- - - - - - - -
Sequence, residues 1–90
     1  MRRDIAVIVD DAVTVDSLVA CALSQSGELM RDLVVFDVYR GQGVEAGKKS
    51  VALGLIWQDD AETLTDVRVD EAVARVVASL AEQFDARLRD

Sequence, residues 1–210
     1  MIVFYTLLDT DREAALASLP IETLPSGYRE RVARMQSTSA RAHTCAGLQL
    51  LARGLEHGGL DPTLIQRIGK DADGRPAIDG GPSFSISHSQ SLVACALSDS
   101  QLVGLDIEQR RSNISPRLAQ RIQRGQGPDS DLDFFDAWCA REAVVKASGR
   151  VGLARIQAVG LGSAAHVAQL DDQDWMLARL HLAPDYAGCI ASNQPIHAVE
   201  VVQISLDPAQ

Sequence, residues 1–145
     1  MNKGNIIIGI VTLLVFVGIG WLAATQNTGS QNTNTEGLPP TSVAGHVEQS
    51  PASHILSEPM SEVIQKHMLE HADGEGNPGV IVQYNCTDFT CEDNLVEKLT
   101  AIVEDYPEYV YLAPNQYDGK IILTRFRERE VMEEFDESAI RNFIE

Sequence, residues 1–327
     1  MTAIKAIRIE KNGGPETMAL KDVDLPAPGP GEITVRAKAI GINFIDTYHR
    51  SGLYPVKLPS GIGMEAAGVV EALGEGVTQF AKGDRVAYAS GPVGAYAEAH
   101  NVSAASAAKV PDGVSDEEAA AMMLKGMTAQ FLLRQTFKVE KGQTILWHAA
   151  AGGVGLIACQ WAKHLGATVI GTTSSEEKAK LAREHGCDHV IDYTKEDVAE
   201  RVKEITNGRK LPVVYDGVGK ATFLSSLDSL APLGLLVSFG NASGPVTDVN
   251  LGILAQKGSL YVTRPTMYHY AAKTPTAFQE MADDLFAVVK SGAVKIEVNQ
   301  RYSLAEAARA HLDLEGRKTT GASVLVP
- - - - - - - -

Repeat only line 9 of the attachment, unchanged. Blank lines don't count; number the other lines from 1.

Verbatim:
   201  VVQISLDPAQ